페이지 이미지
PDF
ePub

Were I not thus reduc'd, thou woaldst not know,
That, thus reduc'd, I dare defy thee still.
Torture thou inay'st, but thou shalt ne'er despise me.
The blood will follow where the knife is driven,
The flesh will quiver where the pincers, tear,
And sighs and cries by nature grow on pain.
But these are foreign to the soul: not mine
The groans that issue, or the lears that fall;
They disobey me; on the rack I scorn thee,
As when my falchion clove thy helm in battle.

Alv. Peace, villain!

Zan. While I live, old man, I'll speak:
And well I know thou dar'st not kill me yet;
For that would rob thy blood-hounds of their prey.

Alon. Who call'd Alonzo?
Alv. No one call’d, my son.
Alon. Again!—'Tis Carlos' voice, and I obey.
Oh, how I laugh at all that this can do!

[Showing the Dagger.
The wounds that pain'd, the wounds that murder'd me,
Were giv'n before ; I am already dead;
This only marks my body for the grave. [Stabs himself.
Afric, thou art reveng'd. -Oh, Leonora! [Dies.

Zan. Good ruffians, give me leave; my blood is yours, The wheel's prepard, and you shall have it all. Let me but look one moment on the dead, And pay yourselves with gazing on my pangs.

[He goes to Alonzo's body. Is this Alonzo? Where's the haughty mien? Is that the hand which smole me? Heavens, how pale! And art thou dead? So is my enmity. I war not with the dast. The greal, the proud, The conqueror of Afric was my foe. A lion preys pot upon carcasses. This was thy only method to subdue me. Terror and doubt fall on me: all thy good Now blazes, all thy guilt is in the grave. Never bad man such funeral applause: If I lament thee, sure thy worth was great. Oh, vengeance, I have follow'd thee too far, And to receive me, hell blows all her fires. [Exeunt.

[ocr errors]

OUR author sent me, in an humble strain,
To beg you'd bless the offspring of his brain ;
And I, your proxy, promis'd in

your name,
The child should live, at least six days of fame.
Uike the brat, but still his faults can find;
And, by the parent's leave, will speak my mind.
Gallants, pray tell me, do

you think 'twas well,
To let a willing maid lead apes in hell?
You nicer ladies, should you think it right,
To eat no supper-on your wedding night?
Should English husbands dare to starve their wives,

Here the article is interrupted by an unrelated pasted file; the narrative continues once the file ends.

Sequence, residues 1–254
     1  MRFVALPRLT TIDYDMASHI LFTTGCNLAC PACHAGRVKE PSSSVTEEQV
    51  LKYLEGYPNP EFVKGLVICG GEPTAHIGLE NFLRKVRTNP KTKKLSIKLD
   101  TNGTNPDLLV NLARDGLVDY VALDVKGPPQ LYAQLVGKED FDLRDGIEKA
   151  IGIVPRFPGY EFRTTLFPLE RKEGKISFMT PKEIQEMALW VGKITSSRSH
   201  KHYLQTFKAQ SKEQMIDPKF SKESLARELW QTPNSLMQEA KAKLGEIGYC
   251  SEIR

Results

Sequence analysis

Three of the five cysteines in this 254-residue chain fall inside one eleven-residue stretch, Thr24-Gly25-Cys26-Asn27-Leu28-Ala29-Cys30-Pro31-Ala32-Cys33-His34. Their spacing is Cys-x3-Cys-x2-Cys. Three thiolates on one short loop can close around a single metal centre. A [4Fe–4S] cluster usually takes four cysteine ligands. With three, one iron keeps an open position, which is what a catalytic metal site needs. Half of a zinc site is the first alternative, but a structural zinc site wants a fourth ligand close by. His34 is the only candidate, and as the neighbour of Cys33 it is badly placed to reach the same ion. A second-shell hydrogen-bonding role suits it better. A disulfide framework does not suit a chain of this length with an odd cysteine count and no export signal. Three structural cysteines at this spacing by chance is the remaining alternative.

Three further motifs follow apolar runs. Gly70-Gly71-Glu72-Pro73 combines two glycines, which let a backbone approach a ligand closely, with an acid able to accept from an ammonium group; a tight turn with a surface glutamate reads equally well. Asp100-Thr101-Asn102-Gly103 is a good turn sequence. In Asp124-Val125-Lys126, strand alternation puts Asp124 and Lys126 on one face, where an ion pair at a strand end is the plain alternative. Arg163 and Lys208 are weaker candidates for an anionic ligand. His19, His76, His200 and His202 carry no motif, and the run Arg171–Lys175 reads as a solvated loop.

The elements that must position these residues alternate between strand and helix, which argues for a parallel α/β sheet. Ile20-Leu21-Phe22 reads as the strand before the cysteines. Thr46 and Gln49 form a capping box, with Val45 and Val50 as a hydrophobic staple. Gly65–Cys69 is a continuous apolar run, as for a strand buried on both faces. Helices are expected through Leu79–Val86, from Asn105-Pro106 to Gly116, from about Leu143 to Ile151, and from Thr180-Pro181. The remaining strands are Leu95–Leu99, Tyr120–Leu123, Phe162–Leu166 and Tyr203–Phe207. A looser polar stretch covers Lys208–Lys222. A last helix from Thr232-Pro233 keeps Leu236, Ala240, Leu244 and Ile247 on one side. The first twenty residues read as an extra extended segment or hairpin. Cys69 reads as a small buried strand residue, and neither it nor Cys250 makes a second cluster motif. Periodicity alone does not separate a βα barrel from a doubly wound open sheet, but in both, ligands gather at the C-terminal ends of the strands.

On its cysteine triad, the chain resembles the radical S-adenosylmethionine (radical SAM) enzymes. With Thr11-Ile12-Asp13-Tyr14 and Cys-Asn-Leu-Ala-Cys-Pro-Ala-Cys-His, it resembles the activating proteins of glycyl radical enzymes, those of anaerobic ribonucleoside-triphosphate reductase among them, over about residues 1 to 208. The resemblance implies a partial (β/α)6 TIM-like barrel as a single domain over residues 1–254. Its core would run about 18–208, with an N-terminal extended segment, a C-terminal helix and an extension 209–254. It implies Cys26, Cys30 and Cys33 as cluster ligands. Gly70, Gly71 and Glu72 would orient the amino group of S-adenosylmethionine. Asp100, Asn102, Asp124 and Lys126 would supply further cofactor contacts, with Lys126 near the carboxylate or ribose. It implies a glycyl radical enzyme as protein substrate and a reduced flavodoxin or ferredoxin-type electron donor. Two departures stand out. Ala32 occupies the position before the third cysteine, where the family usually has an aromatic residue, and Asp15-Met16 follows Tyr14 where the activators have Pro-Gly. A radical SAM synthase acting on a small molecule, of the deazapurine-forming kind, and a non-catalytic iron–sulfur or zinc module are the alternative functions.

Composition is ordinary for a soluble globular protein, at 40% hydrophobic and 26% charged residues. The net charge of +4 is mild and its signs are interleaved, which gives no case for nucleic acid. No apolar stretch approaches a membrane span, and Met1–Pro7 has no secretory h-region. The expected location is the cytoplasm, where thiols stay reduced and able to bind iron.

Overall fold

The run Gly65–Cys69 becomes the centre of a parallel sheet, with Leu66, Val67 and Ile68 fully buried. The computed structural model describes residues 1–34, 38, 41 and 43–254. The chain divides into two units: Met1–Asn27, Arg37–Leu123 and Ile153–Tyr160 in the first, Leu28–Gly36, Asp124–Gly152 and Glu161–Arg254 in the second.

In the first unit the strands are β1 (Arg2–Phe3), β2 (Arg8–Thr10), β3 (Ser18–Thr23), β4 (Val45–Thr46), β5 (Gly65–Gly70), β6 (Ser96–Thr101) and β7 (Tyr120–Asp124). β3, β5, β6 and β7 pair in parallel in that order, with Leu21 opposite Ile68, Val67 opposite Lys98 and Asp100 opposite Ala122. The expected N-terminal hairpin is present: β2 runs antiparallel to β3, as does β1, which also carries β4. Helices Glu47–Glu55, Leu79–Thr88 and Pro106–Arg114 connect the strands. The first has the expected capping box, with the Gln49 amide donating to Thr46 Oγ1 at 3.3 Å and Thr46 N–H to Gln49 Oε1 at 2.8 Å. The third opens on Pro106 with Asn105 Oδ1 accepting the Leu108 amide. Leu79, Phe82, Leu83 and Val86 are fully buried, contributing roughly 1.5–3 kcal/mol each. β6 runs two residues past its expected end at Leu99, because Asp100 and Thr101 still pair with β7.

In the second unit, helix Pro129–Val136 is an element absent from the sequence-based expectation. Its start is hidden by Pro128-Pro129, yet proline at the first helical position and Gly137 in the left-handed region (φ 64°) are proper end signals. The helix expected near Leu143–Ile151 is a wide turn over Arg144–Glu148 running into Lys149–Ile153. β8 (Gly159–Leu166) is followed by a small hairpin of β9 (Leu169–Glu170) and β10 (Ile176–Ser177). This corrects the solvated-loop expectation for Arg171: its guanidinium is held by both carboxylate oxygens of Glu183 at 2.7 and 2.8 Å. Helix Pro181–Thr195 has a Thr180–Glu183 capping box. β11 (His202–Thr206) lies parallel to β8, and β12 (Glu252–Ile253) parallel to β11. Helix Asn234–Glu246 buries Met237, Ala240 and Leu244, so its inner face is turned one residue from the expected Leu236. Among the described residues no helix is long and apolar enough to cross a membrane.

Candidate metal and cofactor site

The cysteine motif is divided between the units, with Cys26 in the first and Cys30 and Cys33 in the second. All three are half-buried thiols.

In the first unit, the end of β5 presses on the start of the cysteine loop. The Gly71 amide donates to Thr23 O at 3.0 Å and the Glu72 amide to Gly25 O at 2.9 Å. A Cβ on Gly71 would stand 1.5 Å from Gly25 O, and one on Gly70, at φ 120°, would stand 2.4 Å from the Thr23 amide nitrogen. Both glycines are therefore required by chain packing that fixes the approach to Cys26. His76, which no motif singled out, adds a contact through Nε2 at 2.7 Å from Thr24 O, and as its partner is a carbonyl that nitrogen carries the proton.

Be sure they'd lead most comfortable lives!
But he loves mischief, and, with groundless fears,
Would fain set loving couples by the ears;
Would spoil the tender husbands of our nation,
By teaching them his vile, outlandish fashion.
But we've been taught, in our good-natur'd clime,
That jealousy, though just, is still a crime;
And will be still; for (not to blame the plot)
That same Alonzo was a stupid sot,
To kill a bride, a mistress unenjoy'd
"Twere some excuse, had the poor man been cloyd :
To kill her on suspicion, ere he knew
Whether the heinous crime were false or true-
The priest said grace, she met him in the bower,
In hopes she might anticipate an hour
Love was an errand, but ihe hot-brain'd Spaniard,
Instead of love--produc'd-a filthy poniard-
Had he been wise, at this their private meeting,
The proof o'th' pudding had been in the eating ;
Madain had theri þeen pleas’d, and don contented,
And all this blood and 'inurder been prevented.
Britons, be wise, and from this sad example,
Ne'er break a bargain, but first tako a sample.

1

C. Whittingham, Printer, Chiswick.

THE

ROMAN FATHER.

A Tragedy.

ALTERED

FROM MR. W. WHITEHEAD.

CORRECTLY GIVEN, FROM COPIES USED IN THE THEATRES,

BY
THOMAS DIBDIN,

Author of several Dramatic Pieces: and
PROMPTER OF THE THEATRE ROYAL, DRURY LANE.

[graphic]

Printed at the Chiswick Press,

BY C. WHITTINGHAM; FOR WHITTINGHAM AND ARLISS, PATERNOSTER

ROW, LONDON.

1

THE ROMAN FATHER,

The idea of which (exclusively of its historical foundation) is taken in some degree from the French of P. Corneille, was produced at Drury Lane Theatre in 1750 with considerable effect, and has since maintained its rank with undimi. nished reputation.

The Romans were never, it is to be hoped, more sincerely in love with liberty than our own countrymen are; and although we do not aspire to that savage perfection of patriotism, by which a hero thinks himself bound to set the ties of nature at defiance merely to prove that he is free, yet the poet has here succeeded so well in giving grace and interest to the ferocious virtues of Publius, that while we detest his unnatural forgetfulness of fraternal feeling, we are reluctantly compelled to admire the motive which misleads him.

« 이전계속 »